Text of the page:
STL 167: Tricky Glue-Ups
Mike, Matt, and Ben discuss glue-ups, premium vs. not-so-premium chisels, clogged handplanes, and milling lumber
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When I set a clamp on a jig or on glued faces it causes them to twist or slip out of position. Sometimes it is easy to mitigate the problem with additional clamps or stops, but on small parts I find that it is difficult to place the stops. For instance, when I made Matt’s grooving planes, gluing the skate to the fence side, I found it difficult to locate the skate where I wanted because it would rotate as I applied clamping pressure. When loosening a little I could get it back in position but it would spin right back out when retightened. I got around the issue by letting the glue set up a bit with light clamping and then tap it into place before tightening down fully. Is there a better way? -Derrick
- Tool Rant: Is that really a clamp? by Bob Van Dyke
- How To Cut Dovetails on the Tablesaw by Gregory Paolini #231–Jan/Feb 2013 Issue
- How to Tame Tricky Glue-Ups by Michael Fortune #243–Nov/Dec 2014 Issue
Whenever I cut dovetails the wood fibers inside of the baseline always crush or tearout. I believe it is because wood not supported as I pare towards the center. Does it affect the strength of the joint? -Barry
Segment 1: All-Time Favorite Tool Of All Time… for this week
Matt – Waterstones
Mike – A student’s Veritas PMV-11 chisels
I’ve been hand planing a douglas fir laminated top, and i’m finding that i have to manually remove shavings that are stuck between the blade and the mouth every two or three passes. Most of the time, that requires removing the lever cap. This happens both with my #5 jack and the low angle #7 jointer. Is my blade too close to the mouth – it’s currently at about 1/16″? Should i move the frog to the back of the plane? -Frederik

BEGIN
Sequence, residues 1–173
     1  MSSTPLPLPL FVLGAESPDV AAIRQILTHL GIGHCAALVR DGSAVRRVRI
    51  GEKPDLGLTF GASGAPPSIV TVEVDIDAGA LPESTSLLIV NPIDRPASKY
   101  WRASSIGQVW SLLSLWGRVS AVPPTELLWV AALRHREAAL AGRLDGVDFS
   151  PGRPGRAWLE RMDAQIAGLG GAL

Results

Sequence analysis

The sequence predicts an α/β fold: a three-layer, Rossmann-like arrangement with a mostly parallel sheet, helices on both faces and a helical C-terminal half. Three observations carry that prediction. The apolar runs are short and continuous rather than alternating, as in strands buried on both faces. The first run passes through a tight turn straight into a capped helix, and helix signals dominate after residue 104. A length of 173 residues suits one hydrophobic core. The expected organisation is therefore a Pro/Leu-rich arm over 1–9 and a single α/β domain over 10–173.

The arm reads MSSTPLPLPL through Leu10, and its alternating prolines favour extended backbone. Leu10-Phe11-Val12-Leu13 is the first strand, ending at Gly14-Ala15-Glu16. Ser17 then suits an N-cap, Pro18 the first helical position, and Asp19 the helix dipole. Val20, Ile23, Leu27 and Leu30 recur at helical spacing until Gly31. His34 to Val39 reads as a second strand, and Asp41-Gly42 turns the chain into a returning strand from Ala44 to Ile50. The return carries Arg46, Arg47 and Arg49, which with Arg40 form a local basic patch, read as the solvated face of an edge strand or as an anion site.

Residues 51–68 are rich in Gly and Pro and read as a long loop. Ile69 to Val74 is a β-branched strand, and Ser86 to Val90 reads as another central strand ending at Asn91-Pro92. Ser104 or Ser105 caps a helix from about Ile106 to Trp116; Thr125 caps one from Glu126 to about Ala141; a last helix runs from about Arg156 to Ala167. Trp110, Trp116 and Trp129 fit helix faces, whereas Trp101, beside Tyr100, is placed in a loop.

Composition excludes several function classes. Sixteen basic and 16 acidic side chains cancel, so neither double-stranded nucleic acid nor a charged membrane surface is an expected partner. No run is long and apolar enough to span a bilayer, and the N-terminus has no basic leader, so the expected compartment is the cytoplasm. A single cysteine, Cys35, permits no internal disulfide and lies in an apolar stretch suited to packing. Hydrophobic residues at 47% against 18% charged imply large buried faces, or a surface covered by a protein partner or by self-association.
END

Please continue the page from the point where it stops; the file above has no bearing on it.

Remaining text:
I recently purchased two planes–a Bedrock 603 and a Bedrock 605. If I bought some rough-milled wood, can I get it “smooth & level” using only the handplanes, or is a planer still necessary? If a planer is necessary, is a jointer a co-necessity? Financially, I can only shell out for one indulgence per year. -Martin
From Gordie on FineWoodworking.com:
Today I started a special project for my Granddaughter’s wedding gift. I had purchased Black Walnut, 8/4 to dimension to 3/4 width bookended for correct height. I resewed the 8/4 and was not surprised but not pleased when the pieces cupped and I didn’t have a lot off thickness to play with to plane it out and maintain 3/4 in. But I remembered Mike sharing to go to the convex side, as it turns out, instead of what would be the more obvious the concave side. I ran the boards through the planer addressing the convex side and the tension relieved allowing the bored to flatten within specs on one pass. Thanks and I will keep listening and hopefully learning.
Re STL 165:
Liam Rickerby – I would always recommend keeping a push stick at the bandsaw too. Especially for small parts, I had the misfortune to be stupid cutting through a small piece of oak, the last part of the oak cut through a LOT quicker than the first, resulting in my thumb diving a half inch into the blade!
Brian Skudney – After 5 stitches in my index finger, I learned my lesson with a chisel. (I could get another clamp but I’m almost done.)
From Damon: Great podcast! I binged all of the episodes over the course of a few months, and then started the whole thing over again! The information is great and the guys are fun to listen to.
From listener Barry Crenmer – Wrap the jar threads with plumbers’ teflon tape applied in a clockwise direction. It works!
Ben – Go to a woodworking event
Mike – Carry a pocket knife
Matt – Trim flux/glue brushes to 5/16-in
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